Scott interviews them, as well as several U.S. military veterans who were eyewitnesses to Pits’ bravery, including Billy Takoda (played by Samuel L. Jackson), Ray Mott (played by Ed Harris), Jimmy Burr (played Peter Fonda, in his last movie role, which is essentially a camero) and Kepper (John Savage), who still lives in Vietnam. Scott travels all the way to Vietnam to interview Kepper, and during his conversation with Kepper, Scott has a powerful awakening. Through the interviews, Scott pieces together the puzzle of the ill-fated Operation Abilene that led the U.S. soldiers into a Viet Cong ambush. Showing uncommon bravery, Pitsenbarger refused a chance to escape and instead stayed on the battleground to help save lives and attend to the wounded, while also taking up arms to defend his comrades. The battle scenes are shown in flashbacks, with Jeremy Irvine portraying Pits.
But what really caused that deadly ambush at Xa Cam My? And how much did the U.S. government know but chose to hide from the public? As Scott gets closer to the truth, he knows that revealing the truth could destroy his career and possibly put his life in danger. It could also kill the chances of Pits getting a Congressional Medal of Honor if the full story comes out about Operation Abilene. It’s a tricky dilemma, because some of the same government people whose votes are needed to approve the Congressional Medal of Honor going to Pits are also the same people who could squash that request if Scott goes public with the full story.
During the course of the movie, viewers see Scott’s transformation as a somewhat rigid character who tends to see issues in black and white to someone who begins to understand that issues come in many shades of grey. For example, in one scene in the movie, Scott is assembling a crib and he refuses to look at the instructions, because “that would be cheating,” he says—an indication of not only his hardline approach on how to solve problems but also an assertion of how he perceives his strong masuculinity. But as the stories about Operation Abilene unfold, Scott begins to question his views on ethics in the context of war. He must also confront issues of patriotism and personal sacrifice—issues that can sometimes be at odds with each other and can be tested if it involves reporting government corruption.
Fortunately, Stan does an admirable job of portraying this metamorphosis in a realistic way. He and co-star Hurt have a few emotional scenes in the movie, which doesn’t veer too much into melodrama for the characters. In addition, “The Last Full Measure” respectfully handles the issues of PTSD (post-traumatic stress disorder) and how it not only affects war veterans but also their loved ones. The movie responsibly shows how people can react to PTSD in different ways and how military machismo sometimes hinders people from dealing with these issues in a beneficial and healing way.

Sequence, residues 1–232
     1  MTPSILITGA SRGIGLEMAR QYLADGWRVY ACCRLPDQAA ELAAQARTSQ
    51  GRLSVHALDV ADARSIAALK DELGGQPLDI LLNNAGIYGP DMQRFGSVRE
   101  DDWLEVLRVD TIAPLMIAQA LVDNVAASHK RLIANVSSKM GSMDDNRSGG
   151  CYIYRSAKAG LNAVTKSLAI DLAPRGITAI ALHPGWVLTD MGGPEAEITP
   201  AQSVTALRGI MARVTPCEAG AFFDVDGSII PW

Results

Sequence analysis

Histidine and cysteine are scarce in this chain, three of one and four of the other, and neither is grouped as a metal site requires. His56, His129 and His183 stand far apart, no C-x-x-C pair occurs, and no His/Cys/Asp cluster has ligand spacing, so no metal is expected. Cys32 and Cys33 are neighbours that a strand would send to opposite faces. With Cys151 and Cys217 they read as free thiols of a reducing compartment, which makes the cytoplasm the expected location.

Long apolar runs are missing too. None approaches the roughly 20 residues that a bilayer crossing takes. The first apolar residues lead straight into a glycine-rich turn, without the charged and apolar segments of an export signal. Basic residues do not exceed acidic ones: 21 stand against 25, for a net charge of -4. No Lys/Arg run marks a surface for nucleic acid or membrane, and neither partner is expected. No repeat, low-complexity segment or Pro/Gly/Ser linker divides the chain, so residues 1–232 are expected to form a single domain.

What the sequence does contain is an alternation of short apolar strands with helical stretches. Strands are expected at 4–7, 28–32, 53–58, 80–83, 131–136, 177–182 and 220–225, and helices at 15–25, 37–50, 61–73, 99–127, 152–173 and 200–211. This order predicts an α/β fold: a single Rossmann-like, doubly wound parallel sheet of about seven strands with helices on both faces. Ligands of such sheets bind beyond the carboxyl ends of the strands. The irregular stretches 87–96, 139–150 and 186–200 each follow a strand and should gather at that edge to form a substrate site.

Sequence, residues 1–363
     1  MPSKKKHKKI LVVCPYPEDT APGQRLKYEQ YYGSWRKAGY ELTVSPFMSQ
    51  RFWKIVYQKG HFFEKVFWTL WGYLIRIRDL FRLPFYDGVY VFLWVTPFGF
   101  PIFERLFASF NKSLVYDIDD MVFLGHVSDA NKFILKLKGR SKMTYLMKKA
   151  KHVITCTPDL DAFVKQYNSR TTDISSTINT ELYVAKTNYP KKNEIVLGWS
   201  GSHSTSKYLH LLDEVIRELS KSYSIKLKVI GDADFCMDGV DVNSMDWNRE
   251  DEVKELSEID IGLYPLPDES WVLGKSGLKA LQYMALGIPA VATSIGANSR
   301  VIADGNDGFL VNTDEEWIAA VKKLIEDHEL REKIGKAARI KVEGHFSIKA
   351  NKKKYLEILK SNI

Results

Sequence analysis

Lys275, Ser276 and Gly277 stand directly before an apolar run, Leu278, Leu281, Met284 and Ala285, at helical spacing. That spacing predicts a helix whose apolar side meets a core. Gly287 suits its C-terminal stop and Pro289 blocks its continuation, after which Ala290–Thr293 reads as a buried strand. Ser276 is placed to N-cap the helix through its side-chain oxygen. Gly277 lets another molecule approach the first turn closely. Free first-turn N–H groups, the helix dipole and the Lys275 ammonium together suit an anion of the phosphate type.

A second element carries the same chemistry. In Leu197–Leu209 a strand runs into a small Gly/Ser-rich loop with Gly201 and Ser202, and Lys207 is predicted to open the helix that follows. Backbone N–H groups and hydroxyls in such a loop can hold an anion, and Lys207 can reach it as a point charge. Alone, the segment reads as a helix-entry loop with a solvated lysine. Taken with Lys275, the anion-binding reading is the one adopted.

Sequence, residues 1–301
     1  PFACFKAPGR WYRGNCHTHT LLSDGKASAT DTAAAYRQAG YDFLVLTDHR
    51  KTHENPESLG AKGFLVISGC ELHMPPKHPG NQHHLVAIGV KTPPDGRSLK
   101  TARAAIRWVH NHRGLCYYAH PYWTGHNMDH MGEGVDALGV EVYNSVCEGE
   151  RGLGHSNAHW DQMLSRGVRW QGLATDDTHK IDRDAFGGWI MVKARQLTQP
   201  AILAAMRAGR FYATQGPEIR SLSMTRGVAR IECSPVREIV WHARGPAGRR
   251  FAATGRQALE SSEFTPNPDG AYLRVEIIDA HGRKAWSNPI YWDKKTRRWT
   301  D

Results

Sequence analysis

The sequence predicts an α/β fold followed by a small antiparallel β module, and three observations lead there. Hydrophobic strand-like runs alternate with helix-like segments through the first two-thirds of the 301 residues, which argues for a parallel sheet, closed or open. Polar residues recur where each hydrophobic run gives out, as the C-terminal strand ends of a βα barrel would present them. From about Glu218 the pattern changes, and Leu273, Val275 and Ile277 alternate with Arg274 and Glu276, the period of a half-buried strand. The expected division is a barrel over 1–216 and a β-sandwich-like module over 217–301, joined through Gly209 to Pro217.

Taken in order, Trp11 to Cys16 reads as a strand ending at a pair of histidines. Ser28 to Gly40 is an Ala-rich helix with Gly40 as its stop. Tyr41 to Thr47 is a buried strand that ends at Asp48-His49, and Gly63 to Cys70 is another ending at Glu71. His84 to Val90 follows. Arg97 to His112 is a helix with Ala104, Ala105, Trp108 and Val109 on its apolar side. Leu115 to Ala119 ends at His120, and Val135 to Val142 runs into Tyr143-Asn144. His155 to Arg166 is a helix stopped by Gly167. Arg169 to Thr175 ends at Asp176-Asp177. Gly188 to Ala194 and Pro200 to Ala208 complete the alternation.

Because “The Last Full Measure” is a male-oriented film and the military is a male-dominated field, the female characters don’t have much to do except play “the supportive wife” or “the supportive administration employee.” However, that doesn’t mean the women in this movie are doormats. In particular, Ladd’s Alice Pitsenbarger character shows inspiring determination to keep pushing for the family’s cause when her ailing husband’s health issues indicate that he won’t be around much longer.
“The Last Full Measure” is an engrossing and heartfelt story that might seem like a paint-by-numbers military movie because the ending is very easy to predict, but it stands out for its top-notch cast of stars (who all deliver convincing performances) and the fact that Vietnam War stories about the U.S. Air Force are rarely told in movies. At the end of the film, “The Last Full Measure” points out the extremely low percentage of Air Force people and even lower percentage of enlisted airpeople who have received the Congressional Medal of Honor. The movie is ultimately a tribute to U.S. military people, especially those who made personal sacrifices during wars, whether or not they made it out alive.
Roadside Attractions will release “The Last Full Measure” in U.S. cinemas on January 24, 2020.
In the comedic drama “Boundaries” (written and directed by Shana Feste), Vera Farmiga plays Laura Jaconi, a divorced mother of a quirky, artistic 12-year-old son named Henry (played by Louis MacDougall), who finds herself in a dilemma. Henry has recently been expelled from drawing nude photos, and the only school that might be able to accept him is a private art school that she can’t afford. So Laura finds herself reluctantly reconnecting with her estranged father, Jack (played by Christopher Plummer) to ask for Jack’s help to pay for Henry’s school tuition.
Jack—a charismatic rogue who has a long history of breaking the law and who has recently been kicked out of his retirement home—agrees to pay for the school tuition on the condition that Laura and Henry accompany him on a road trip in Henry’s antique Rolls-Royce from Seattle to Los Angeles, where Henry plans to live with his other daughter, JoJo (played by Kristen Schaal). Unbeknownst to Laura, Jack (who doesn’t have a driver’s license) is using the trip to smuggle marijuana and do some pot dealing along the way. Laura is a compulsive rescuer of stray animals, so the Jaconi family members have plenty of company on their road trip, including several dogs. (Feste’s real-life dog Loretta, a white terrier mix, is one of the dogs in the movie.)
During the drama and dysfunction that ensue on the trip, they meet some colorful characters, including Jack’s old friends Joey (played by Peter Fonda) and Stanley (played by Christopher Plummer), while the Jaconis face uncomfortable truths about their relationship with each other. If “Boundaries” seems to have a lot of authentically family moments in the film, that’s probably because Laura is an alter ego for Feste, and the Jack character was inspired by Feste’s own father, who often made his living doing things outside the law. Her father, who has since passed a way, has a cameo in “Boundaries” as one of Jack’s marijuana customers. Some of the other characters in the movie were also inspired by Feste’s real-life family. Here is what Farmiga, Feste, Fonda and MacDougall said when they recently gathered for a roundtable interview with journalists at the New York City press junket for “Boundaries.”